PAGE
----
GERMANTOWN UNITED METHODIST CHURCH & GRAVEYARD – (Church – 2331 S. Germantown Road/ Cemetery – Intersection of McVay Road and 2nd Street) The present-day site of McVay Road cemetery was also the site for the Methodist congregation who had worshipped there since the 1840s. The Methodist congregation donated its building as a regimental hospital in the Civil War. In January 1863, it fell prey to the fire-wood needs of a regiment bivouacked in the graveyard, was torn down and a new building was built on this site in 1872.
GERMANTOWN PRESBYTERIAN CHURCH – (2363 S. Germantown Road) The Germantown Presbyterian Church, the oldest public building in town, was constructed in 1851 and dedicated in 1853. In the summer of 1862, the region was occupied by Federal troops. The U.S. commander in the area was ordered to burn all of the public buildings of the town to discourage Confederate resistance. The Presbyterian minister at that time, Rev. Richard R. Evans and his ruling elder Moses Neely appealed to Col. Richard L. Sanderson, a senior officer of the 23rd Indiana Volunteers, the commanding officer stationed in Germantown, to spare the church. Because Evans, Neely, and Col Sanderson were of the Masonic order and both Evans and Sanderson were teachers, Col Sanderson agreed to save the church. It was put to use as a military commissary, hospital, and stable during the Federal occupation. The bell tower was added to the structure after the war in 1867.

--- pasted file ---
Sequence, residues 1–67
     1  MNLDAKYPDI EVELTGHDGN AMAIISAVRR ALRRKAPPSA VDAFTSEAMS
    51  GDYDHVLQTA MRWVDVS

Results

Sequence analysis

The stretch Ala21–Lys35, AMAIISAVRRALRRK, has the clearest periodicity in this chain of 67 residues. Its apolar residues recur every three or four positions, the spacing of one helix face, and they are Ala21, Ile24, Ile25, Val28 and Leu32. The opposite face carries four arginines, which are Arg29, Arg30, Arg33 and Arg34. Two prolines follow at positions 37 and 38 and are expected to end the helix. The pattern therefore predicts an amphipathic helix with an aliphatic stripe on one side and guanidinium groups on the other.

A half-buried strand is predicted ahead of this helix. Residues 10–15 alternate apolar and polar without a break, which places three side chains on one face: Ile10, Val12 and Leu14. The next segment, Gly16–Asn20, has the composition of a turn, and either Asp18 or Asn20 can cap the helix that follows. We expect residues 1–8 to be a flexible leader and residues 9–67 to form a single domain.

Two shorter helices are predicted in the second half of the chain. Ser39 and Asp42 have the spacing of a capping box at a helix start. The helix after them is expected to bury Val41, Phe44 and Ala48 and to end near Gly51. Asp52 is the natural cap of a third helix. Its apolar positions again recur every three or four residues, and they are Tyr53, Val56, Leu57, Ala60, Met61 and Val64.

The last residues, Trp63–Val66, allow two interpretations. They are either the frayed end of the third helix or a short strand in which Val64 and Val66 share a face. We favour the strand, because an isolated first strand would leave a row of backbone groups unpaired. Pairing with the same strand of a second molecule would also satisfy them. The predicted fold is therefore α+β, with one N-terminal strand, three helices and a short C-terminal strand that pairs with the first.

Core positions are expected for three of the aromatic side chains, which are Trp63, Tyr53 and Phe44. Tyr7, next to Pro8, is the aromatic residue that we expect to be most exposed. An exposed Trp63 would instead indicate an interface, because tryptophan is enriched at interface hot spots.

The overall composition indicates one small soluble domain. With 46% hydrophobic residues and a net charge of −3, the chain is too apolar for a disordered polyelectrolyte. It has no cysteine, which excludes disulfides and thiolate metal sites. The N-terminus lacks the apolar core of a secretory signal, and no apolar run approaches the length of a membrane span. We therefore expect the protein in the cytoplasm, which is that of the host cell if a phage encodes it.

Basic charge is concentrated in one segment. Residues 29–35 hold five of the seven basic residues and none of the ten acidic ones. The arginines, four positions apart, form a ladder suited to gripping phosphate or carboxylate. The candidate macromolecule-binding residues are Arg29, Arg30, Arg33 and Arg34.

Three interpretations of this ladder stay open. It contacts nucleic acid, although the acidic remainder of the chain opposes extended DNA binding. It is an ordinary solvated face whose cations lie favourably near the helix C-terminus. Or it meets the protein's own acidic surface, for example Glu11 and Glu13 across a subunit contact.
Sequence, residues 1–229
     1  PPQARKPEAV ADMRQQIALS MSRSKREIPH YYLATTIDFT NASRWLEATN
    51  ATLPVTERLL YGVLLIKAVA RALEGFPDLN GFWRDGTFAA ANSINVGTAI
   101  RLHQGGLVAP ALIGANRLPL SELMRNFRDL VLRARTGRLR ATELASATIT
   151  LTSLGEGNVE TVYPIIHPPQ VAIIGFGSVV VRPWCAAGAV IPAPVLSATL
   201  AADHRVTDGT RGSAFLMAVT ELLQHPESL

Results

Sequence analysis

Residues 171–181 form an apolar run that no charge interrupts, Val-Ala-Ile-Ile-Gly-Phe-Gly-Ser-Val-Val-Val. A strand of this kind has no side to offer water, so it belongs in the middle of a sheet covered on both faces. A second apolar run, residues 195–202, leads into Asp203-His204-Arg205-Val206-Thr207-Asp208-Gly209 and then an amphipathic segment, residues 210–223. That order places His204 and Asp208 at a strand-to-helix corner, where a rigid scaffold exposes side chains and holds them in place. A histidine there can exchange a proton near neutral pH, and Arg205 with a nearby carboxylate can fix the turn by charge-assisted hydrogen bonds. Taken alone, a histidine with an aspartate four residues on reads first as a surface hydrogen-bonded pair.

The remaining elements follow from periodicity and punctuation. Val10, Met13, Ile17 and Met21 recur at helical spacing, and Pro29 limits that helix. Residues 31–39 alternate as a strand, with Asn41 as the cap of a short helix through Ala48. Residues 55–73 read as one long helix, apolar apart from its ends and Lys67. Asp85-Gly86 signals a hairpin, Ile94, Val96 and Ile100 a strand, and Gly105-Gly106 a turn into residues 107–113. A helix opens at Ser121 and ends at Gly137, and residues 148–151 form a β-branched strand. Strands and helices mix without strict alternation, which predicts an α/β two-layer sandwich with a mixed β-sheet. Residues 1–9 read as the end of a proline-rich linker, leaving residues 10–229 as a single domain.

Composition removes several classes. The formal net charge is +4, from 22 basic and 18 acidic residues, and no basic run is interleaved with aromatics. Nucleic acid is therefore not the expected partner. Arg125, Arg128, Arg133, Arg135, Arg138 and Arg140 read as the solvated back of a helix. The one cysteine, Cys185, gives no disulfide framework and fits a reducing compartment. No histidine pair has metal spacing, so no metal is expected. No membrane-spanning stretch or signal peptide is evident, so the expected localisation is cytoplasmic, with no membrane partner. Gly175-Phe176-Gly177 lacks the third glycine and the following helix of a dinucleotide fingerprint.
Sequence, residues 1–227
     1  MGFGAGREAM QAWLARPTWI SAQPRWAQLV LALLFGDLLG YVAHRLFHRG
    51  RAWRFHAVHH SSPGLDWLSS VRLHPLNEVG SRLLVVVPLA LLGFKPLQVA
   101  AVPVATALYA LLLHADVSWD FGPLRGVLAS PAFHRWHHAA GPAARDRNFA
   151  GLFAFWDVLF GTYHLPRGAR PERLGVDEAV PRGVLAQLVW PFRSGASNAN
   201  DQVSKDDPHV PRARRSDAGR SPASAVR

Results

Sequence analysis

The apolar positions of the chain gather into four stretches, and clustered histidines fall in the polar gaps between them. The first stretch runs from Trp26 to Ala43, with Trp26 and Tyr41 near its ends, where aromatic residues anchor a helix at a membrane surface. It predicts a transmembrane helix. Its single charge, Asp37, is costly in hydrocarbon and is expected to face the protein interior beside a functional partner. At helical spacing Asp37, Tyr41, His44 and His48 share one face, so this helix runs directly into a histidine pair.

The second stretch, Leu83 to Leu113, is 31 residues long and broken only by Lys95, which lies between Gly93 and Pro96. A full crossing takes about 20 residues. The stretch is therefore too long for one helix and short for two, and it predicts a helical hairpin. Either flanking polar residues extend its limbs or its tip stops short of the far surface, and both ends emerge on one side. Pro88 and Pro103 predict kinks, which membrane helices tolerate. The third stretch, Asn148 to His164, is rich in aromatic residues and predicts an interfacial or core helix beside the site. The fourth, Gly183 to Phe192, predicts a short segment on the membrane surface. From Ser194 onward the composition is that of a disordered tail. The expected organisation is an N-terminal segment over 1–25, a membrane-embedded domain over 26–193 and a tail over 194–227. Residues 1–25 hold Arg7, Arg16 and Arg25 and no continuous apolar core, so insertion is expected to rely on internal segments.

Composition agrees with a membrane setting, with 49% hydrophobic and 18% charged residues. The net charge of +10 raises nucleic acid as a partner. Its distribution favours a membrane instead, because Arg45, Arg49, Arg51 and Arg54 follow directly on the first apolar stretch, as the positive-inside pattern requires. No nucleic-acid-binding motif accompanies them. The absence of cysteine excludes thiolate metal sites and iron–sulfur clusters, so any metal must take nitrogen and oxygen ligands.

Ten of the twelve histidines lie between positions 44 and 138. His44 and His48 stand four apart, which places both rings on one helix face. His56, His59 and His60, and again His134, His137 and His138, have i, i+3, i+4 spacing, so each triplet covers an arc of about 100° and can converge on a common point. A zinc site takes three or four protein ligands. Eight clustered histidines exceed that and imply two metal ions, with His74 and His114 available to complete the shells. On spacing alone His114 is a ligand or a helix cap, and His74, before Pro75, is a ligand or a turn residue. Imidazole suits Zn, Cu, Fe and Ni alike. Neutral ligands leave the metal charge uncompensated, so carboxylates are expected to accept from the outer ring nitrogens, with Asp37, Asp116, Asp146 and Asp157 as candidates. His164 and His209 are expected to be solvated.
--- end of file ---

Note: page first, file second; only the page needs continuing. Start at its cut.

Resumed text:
In 1950, the church building, which originally faced north and was located in the southeast corner of the lot bordering Germantown Road, was moved to its present east-facing site as a part of a church expansion program. It continues to be used as a chapel.